I tossed my backpack onto my back and we started walking towards the park.

“Amy, it’s not like I have even the smallest chance anyhow.”

“And how do you know that? Looked to me like he was pretty sweet on you.”

“No. Trust me. I saw him chatting up a super cute blonde in choir. There’s no way he’s interested in me.”

Amy rolled her eyes and said, “Bet me.”

“Bet you what?”

“Bet me he’s not interested in that other girl.”

“Who’s not interested in who?” Kaitlynn asked, walking over.

“Maddie likes Charlie,” Amy said, taking a swig of her pop, “But she thinks he likes some blonde girl in choir.”

“Want me to find out?”

“No!” I shrieked.

“Hey, Charlie!” Kaitlynn hollered and ran over to him. Tossing her arm up and around his neck, she whispered something to him and then smiled before coming back over to me as he glanced my ways with a smirk.

I felt mortified as we sat on the stairs in front of the school.

“He doesn’t have a girlfriend,” Kate said with a wide smile.

“Told you!” Amy said and stuck out her tongue.

I turned to watch everyone outside in the park and on the sidewalk. “You’re both so immature.”

“Whatever,” Amy said. “At least now you know.”

Amy turned away from me and went into a monologue with our friend Jessie about her morning, but my eyes were caught over Jessie’s left shoulder by the sight of my new-found hobby, and I went into a trance, following his movements as he walked past us.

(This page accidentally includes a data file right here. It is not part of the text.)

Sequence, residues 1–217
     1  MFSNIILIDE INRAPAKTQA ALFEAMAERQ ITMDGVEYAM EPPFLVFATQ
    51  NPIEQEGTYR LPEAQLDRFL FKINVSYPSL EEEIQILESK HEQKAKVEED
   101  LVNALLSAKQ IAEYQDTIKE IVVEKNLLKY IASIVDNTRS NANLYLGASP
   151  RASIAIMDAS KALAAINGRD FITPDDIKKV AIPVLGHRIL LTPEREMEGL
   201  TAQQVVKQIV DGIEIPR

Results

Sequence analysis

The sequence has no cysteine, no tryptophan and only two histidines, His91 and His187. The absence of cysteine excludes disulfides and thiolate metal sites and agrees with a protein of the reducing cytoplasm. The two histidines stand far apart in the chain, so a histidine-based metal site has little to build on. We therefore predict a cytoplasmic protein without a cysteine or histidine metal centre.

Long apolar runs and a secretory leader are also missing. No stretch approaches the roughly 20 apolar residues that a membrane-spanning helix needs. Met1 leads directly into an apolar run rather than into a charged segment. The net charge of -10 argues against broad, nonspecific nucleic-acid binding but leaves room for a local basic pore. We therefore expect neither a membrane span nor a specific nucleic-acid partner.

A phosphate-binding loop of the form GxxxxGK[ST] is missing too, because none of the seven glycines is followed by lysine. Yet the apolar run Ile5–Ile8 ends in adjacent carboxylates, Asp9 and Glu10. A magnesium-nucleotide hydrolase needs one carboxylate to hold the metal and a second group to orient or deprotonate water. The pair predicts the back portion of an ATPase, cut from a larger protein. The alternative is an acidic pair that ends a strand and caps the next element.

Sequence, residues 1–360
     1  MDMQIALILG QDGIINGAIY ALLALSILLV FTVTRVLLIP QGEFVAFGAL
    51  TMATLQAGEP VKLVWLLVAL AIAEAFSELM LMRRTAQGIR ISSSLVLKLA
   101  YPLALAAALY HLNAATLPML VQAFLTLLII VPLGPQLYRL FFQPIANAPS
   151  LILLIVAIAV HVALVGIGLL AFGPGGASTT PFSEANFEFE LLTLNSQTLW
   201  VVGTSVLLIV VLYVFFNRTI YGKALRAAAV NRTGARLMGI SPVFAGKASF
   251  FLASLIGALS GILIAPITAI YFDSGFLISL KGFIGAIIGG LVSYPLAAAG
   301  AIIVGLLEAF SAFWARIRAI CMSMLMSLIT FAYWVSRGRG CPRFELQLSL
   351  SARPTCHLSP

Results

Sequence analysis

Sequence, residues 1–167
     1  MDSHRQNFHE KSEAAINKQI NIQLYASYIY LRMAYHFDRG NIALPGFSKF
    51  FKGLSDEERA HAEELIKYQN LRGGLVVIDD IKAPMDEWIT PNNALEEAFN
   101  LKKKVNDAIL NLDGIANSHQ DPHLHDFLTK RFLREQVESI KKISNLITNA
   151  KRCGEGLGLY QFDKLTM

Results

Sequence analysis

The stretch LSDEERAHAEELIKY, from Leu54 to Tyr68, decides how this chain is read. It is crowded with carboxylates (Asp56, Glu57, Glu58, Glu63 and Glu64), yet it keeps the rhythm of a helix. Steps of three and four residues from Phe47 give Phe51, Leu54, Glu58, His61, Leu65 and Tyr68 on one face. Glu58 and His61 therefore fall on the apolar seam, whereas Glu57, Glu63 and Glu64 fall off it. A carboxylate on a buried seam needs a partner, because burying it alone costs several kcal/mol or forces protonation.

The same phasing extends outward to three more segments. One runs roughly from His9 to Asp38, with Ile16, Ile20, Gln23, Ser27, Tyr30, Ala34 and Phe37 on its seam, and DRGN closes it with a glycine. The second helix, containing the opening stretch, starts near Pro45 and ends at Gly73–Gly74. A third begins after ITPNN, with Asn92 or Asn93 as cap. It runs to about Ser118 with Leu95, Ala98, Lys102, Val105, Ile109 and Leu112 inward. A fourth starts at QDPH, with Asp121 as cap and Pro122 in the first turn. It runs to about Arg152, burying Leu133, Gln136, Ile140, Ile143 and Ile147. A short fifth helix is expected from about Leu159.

“Maddie?” Jessie said. “Maddie?”

“I’m sorry… were you saying something?”

“Oh, don’t mind her. She’s in love,” Amy said and bumped arms with me and pointed to Charlie as he walked past.

Jessie smiled at me as my face reddened and I looked away when Charlie tried locking eyes with me.

“You like Charlie?” Jessie asked.

I didn’t say anything, but Amy replied, “She’s in love. Maddie hasn’t stopped staring at him since choir!”

“Really?” Jessie asked. “Well, I’m going to Homecoming with one of his closest friends. Want to come with our group? I’m sure it would be fine.”

“N…” I spit out before Amy shouted. “Of course she wants to join! It’ll be great!”

Life pretty much stayed the same for the next four weeks. My new hobby was watching every movement Charlie Doust made and loving every second of it. I felt him the most superior being on the face of the earth and nothing would ever change my mind of that, especially after the day I crashed into him shirtless, drenched in sweat, coming out of the weight room with a group of ballplayers.